UPDATE, 8/1/19: Mark Esqueda finally got his passport!
After years of fighting to get a passport and then having his citizenship questioned, a Minnesota veteran of two wars finally will get one.
The American Civil Liberties Union of Minnesota has reached a settlement with the U.S. Secretary of State that acknowledges that Mark Esqueda is indeed a U.S. citizen and was born in Texas.
The State Department had twice denied Mark Esqueda’s request for a passport, even though Esqueda was born and raised in the United States, and had earned a level of military clearance only given to citizens. The Heron Lake man served our country as a U.S. Marine in Iraq and Afghanistan, and again in the Army National Guard.
Mark said he was so relieved, he was having a hard time believing the news.
“To hear the government say I was right all along, it was eye-opening,” Mark said. “I’m still trying to believe that it’s real. It has truly been what I wanted to happen, to not have my citizenship doubted. I don’t have to miss out on any family events anymore."
“I’m just happy, and I hope I never have to prove myself like this again,” he said, adding the government questioning his citizenship doesn’t change how he feels about the U.S. “I will always love my country, and I’m always proud of my country.”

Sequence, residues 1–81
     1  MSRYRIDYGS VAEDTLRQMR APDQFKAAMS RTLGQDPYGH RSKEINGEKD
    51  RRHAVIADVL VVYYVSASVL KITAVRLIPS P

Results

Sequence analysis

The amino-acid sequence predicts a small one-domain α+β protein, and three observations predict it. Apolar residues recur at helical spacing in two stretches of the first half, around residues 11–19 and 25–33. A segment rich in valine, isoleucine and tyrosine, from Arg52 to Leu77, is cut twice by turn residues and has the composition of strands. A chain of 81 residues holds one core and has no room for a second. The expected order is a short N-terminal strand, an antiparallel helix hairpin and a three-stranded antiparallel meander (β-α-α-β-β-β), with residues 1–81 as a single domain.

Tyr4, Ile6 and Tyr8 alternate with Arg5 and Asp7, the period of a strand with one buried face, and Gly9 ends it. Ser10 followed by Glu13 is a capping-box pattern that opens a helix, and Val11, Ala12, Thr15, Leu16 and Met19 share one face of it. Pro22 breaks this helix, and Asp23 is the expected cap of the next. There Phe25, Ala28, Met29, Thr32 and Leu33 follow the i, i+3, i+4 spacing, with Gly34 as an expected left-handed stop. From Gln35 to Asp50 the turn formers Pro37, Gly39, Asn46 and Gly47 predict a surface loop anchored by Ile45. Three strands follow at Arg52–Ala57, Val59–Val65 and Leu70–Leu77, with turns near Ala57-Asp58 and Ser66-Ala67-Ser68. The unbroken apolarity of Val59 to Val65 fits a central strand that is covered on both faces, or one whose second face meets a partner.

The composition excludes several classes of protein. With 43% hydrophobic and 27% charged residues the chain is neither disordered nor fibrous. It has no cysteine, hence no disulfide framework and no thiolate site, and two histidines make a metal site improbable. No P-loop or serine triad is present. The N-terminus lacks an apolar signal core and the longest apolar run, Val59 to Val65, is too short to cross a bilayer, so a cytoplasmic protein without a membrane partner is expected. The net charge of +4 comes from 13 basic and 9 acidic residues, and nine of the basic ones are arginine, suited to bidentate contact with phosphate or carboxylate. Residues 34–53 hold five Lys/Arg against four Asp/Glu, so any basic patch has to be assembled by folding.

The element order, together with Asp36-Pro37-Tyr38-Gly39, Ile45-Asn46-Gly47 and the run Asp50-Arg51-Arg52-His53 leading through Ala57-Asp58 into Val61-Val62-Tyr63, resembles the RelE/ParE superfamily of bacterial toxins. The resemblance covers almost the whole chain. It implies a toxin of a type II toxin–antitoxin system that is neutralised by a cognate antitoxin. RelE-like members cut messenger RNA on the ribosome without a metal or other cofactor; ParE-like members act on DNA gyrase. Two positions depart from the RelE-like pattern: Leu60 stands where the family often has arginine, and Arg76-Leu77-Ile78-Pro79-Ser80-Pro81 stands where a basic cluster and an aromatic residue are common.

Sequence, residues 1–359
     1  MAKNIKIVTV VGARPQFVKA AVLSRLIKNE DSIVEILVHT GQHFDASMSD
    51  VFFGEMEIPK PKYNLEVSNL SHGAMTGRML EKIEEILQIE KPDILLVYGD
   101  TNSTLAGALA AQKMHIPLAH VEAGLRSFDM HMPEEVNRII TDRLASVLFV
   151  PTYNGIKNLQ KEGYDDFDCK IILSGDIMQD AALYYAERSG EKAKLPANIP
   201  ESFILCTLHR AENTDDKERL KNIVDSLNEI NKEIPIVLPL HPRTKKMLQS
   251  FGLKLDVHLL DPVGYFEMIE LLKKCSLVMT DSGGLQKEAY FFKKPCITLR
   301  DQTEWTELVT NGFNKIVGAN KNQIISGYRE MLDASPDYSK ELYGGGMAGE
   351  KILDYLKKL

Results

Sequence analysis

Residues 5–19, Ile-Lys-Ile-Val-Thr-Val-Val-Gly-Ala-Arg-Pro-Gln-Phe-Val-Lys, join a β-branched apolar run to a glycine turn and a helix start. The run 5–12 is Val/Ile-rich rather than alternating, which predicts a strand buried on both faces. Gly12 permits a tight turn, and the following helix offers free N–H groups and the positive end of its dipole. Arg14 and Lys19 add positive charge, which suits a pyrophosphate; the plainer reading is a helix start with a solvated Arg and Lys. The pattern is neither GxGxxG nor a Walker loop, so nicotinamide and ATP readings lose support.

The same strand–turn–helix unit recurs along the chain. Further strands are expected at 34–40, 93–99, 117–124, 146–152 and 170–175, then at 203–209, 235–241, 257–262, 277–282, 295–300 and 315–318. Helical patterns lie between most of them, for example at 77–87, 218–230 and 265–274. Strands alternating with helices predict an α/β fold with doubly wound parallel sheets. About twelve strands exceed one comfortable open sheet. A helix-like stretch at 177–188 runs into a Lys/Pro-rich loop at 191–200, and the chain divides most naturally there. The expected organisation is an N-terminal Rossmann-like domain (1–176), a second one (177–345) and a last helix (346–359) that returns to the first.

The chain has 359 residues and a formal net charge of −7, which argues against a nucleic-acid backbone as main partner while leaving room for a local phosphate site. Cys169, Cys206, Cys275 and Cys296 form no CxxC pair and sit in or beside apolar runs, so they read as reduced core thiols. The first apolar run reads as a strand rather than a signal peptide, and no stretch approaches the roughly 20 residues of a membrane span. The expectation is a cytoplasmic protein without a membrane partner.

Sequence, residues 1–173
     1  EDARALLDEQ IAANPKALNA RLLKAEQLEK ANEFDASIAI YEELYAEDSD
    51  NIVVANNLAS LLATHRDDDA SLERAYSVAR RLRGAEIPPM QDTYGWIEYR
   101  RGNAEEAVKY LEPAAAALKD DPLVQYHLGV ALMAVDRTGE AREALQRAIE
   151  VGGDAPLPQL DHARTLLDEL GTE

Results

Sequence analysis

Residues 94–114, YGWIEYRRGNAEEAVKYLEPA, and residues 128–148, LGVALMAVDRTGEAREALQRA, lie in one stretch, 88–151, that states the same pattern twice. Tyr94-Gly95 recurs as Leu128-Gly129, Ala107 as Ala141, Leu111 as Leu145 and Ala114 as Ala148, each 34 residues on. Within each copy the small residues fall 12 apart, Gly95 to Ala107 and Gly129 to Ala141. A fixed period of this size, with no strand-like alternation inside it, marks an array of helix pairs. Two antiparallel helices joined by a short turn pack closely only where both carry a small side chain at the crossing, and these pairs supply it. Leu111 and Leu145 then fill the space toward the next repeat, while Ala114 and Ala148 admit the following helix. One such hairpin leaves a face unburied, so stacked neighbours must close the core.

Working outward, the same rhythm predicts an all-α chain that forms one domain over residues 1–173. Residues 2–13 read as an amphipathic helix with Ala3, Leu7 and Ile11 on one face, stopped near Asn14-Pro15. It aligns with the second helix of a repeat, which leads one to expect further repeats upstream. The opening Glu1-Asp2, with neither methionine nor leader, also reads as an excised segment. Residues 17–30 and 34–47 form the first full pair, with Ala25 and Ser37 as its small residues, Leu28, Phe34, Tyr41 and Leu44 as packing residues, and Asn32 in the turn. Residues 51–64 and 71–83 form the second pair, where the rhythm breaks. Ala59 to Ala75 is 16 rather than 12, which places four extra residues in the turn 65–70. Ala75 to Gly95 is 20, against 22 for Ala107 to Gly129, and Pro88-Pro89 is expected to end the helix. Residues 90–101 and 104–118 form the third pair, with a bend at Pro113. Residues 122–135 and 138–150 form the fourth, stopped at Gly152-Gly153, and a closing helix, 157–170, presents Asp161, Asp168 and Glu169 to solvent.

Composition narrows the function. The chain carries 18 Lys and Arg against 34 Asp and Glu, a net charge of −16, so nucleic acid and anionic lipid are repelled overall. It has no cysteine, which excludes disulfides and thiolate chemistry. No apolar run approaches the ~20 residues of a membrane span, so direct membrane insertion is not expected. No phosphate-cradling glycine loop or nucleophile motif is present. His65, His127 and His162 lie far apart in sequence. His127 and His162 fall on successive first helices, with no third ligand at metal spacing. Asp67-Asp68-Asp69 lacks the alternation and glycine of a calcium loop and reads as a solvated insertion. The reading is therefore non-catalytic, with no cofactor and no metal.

Before the ACLU of Minnesota sued, Mark had provided the government with his birth certificate, proof of secret military clearance, affidavits from witnesses who saw his pregnant mother living in Texas near the time of his birth, and the signature of a police officer who was witness to his birth. The government kept demanding even more proof, violating its own standards and rules.
“We’re thrilled that, through this settlement, the State Department has acknowledged that Mark is a U.S. citizen — something that he has known since his birth in Texas — and finally made it possible for Mark to get a U.S. passport,” said Greene Espel attorney Jenny Gassman-Pines, who worked with the ACLU-MN on Mark’s case. “Our firm has been honored to partner with the ACLU in representing Mark, who is a true American patriot.”
“This was a simple case that should have been handled simply the first time Mark Esqueda applied for a passport,” said Ian Bratlie, staff attorney with the ACLU-MN’s Greater Minnesota Racial Justice Project. “This U.S. citizen provided even more proof than the government asked for, and yet was twice denied his ability to travel. That’s a basic right. No one should have their citizenship questioned like this.”